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Shaukat, Khalid, and Hamid (2012)].

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1.1. Finding Unreliability

15 A logic gate (or a logic cell) may fail due to an external factor such as crosstalk, radiation

16 or thermal noise [Krishnaswamy, Plaza, Markov, and Hayes (2009)] or due to a factor

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17 internal to the gate [Chen and Mao (2008)]. The gate’s malfunction could also be due to

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the failure(s) of one or more of its inputs. Using a Von Neumann model for gate errors,

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a gate can independently exhibit an output flip (1 → 0 or 0 → 1) with equal probability

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21 (named Von Neumann error) [J. von Neumann (1956)].

22 It is highly desirable to accurately estimate the unreliabilities of transistors and gates in

23 order the find the unreliability of complete circuits. Monte Carlo simulations are one way of

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24 estimating the unreliability, however, the simulations carry a hefty time cost. Alternatively,

25 mathematical models, which can be several orders of magnitude faster than the simulations,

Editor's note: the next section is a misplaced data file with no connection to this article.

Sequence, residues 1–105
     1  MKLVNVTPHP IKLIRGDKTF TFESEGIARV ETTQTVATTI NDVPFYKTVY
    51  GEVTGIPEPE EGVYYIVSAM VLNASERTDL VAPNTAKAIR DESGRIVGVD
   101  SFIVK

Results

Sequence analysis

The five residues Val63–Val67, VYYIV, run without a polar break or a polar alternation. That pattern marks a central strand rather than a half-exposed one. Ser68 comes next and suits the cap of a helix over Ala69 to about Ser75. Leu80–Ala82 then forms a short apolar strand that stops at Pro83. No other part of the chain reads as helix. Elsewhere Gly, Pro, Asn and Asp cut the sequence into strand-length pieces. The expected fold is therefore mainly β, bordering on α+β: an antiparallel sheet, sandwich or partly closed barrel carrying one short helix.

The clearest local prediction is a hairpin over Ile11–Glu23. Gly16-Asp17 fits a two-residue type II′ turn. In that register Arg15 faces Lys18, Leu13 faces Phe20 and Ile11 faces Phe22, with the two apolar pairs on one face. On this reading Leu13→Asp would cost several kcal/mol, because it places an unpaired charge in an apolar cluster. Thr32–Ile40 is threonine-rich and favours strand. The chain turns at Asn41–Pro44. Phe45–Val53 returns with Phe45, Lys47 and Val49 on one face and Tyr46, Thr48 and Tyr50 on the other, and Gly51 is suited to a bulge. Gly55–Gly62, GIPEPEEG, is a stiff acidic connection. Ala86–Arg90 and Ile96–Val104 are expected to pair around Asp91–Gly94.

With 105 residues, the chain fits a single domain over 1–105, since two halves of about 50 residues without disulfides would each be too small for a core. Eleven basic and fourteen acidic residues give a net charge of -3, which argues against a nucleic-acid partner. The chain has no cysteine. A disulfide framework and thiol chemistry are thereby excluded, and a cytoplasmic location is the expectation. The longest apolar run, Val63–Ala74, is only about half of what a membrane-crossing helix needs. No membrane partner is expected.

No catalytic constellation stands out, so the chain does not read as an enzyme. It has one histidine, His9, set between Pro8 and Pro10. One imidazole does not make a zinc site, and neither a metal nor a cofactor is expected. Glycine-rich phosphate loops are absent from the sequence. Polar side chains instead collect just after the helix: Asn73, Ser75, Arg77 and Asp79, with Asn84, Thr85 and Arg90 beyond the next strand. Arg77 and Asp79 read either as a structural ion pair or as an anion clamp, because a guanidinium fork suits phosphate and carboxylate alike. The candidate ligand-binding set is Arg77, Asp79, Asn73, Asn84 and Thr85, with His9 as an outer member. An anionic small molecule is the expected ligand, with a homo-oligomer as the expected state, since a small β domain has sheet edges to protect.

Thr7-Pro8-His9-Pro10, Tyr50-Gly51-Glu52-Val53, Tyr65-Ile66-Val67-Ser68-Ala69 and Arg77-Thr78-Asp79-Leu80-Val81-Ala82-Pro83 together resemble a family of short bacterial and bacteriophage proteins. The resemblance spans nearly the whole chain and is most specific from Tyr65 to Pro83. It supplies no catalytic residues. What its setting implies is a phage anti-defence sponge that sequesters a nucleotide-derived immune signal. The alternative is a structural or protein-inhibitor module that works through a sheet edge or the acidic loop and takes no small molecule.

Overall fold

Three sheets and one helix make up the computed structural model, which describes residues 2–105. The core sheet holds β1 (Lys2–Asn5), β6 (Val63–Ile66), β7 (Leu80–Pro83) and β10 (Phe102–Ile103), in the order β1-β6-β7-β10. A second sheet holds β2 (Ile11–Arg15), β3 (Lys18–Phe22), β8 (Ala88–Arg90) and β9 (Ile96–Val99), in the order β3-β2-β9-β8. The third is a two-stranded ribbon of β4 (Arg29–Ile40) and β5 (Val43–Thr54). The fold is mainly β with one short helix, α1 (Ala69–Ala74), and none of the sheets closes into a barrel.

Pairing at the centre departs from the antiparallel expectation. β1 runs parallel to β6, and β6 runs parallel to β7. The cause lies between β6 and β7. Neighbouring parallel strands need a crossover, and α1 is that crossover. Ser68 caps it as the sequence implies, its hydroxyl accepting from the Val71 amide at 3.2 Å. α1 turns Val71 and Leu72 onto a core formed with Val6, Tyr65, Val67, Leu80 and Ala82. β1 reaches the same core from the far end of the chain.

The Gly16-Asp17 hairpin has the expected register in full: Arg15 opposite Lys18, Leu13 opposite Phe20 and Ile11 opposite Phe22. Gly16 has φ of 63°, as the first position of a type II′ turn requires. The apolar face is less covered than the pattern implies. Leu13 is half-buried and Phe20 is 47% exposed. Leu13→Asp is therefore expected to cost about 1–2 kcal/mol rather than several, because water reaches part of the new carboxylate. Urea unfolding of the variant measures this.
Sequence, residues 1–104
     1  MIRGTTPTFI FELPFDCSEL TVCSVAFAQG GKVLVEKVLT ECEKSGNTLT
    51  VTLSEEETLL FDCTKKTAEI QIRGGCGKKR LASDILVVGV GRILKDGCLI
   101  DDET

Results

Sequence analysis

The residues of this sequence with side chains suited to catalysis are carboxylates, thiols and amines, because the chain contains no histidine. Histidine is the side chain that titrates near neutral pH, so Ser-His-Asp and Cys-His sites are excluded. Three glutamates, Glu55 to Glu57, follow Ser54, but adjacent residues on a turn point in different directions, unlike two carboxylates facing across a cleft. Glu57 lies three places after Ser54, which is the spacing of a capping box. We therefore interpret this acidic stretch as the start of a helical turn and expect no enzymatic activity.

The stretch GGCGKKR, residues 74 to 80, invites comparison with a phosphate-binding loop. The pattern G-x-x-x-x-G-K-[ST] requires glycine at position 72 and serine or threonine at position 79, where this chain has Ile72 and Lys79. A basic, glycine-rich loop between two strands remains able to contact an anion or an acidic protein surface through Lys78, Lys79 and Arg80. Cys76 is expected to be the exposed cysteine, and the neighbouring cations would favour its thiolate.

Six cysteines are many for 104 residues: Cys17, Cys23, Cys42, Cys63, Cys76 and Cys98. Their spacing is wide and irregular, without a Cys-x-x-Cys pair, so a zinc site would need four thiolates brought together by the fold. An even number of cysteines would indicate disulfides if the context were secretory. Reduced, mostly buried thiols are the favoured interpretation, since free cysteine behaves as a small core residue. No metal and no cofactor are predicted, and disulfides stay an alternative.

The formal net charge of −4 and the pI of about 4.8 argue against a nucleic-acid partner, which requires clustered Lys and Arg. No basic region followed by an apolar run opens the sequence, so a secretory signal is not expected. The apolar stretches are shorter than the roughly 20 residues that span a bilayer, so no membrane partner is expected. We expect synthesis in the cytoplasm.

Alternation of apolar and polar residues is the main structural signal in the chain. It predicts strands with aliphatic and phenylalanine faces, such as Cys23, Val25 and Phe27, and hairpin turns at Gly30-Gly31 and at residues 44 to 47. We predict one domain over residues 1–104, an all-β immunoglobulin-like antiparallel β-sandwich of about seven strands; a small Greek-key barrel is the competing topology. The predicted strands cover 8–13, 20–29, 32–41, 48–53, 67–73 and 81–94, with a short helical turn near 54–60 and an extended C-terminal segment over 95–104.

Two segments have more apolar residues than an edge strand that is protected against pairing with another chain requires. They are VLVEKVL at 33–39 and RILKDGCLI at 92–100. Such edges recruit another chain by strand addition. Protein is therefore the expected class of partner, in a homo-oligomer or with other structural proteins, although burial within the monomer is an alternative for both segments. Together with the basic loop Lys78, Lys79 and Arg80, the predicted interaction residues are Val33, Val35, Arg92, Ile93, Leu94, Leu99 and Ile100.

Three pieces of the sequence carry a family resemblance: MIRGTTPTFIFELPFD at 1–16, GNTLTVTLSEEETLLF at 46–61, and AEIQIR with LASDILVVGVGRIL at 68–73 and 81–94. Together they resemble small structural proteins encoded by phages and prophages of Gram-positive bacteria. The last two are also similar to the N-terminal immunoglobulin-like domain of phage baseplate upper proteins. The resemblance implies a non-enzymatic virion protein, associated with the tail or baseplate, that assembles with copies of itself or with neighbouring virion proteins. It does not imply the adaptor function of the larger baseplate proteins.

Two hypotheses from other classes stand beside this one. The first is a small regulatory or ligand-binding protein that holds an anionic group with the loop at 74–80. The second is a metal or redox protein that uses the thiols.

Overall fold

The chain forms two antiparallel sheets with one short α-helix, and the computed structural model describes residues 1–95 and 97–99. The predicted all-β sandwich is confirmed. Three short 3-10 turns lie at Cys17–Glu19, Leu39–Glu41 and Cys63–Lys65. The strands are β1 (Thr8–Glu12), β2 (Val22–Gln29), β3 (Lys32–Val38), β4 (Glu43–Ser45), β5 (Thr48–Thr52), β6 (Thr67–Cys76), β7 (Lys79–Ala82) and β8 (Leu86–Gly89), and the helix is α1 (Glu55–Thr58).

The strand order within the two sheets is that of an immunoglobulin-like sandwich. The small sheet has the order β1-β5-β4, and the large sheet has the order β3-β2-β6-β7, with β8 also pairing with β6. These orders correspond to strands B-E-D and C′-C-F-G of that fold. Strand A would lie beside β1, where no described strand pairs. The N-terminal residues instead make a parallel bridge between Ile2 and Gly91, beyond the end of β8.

26 are used. The unreliability of a circuit Υcirc can be estimated by these equations [Nikolic,

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29 Υgate = 1 − (1 − Υtr )n (1)

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30

γ

31 Υcirc = 1 − (1 − Υgate ) (2)

32

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33 where the circuit contains γ gates, each gate contains n transistors, the unreliability of the

34 transistors in the gates is denoted by Υtr , and the unreliability of the gates in the circuit

35 by Υgate . Eqs. 1 and 2 assume that all transistors have the same Υ and all gates have the

36 same number of transistors. One way of improving the equations would be to consider: (a)

37 transistor-counts ni of N different types/sizes and their respective unreliabilities Υntr,i

i

, and

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38 γj

(b) gate-counts γj of G different types and their respective unreliabilities Υgate,j . There-

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40 fore, the improved equations would be:

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N −1

42 Y

43 Υgate,i = 1 − (1 − Υtr,i )ni (3)

44 i=0

45 G−1

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46 Υcirc = 1 − (1 − Υgate,j )γj (4)

47 j=0

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49 Even Eqs. 3 and 4 have some drawbacks, which significantly affect the individual

50 Υgate,i ’s and hence the Υcirc . Specifically, the equations ignore the effects of input and

51 gate voltage levels, gates’ own topologies, and overall circuit’s configuration.